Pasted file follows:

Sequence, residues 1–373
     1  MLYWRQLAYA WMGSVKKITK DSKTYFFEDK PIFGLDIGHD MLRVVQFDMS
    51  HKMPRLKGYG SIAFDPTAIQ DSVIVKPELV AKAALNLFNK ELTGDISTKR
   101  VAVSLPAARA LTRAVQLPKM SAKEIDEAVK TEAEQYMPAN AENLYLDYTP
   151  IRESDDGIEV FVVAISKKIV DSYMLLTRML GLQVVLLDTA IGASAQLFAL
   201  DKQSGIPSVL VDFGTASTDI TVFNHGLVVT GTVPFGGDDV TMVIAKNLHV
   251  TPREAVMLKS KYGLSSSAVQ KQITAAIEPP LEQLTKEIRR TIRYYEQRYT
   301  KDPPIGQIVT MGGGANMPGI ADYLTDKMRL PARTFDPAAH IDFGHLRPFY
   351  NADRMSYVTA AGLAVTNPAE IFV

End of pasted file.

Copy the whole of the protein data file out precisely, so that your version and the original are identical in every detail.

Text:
Sequence, residues 1–373
     1  MLYWRQLAYA WMGSVKKITK DSKTYFFEDK PIFGLDIGHD MLRVVQFDMS
    51  HKMPRLKGYG SIAFDPTAIQ DSVIVKPELV AKAALNLFNK ELTGDISTKR
   101  VAVSLPAARA LTRAVQLPKM SAKEIDEAVK TEAEQYMPAN AENLYLDYTP
   151  IRESDDGIEV FVVAISKKIV DSYMLLTRML GLQVVLLDTA IGASAQLFAL
   201  DKQSGIPSVL VDFGTASTDI TVFNHGLVVT GTVPFGGDDV TMVIAKNLHV
   251  TPREAVMLKS KYGLSSSAVQ KQITAAIEPP LEQLTKEIRR TIRYYEQRYT
   301  KDPPIGQIVT MGGGANMPGI ADYLTDKMRL PARTFDPAAH IDFGHLRPFY
   351  NADRMSYVTA AGLAVTNPAE IFV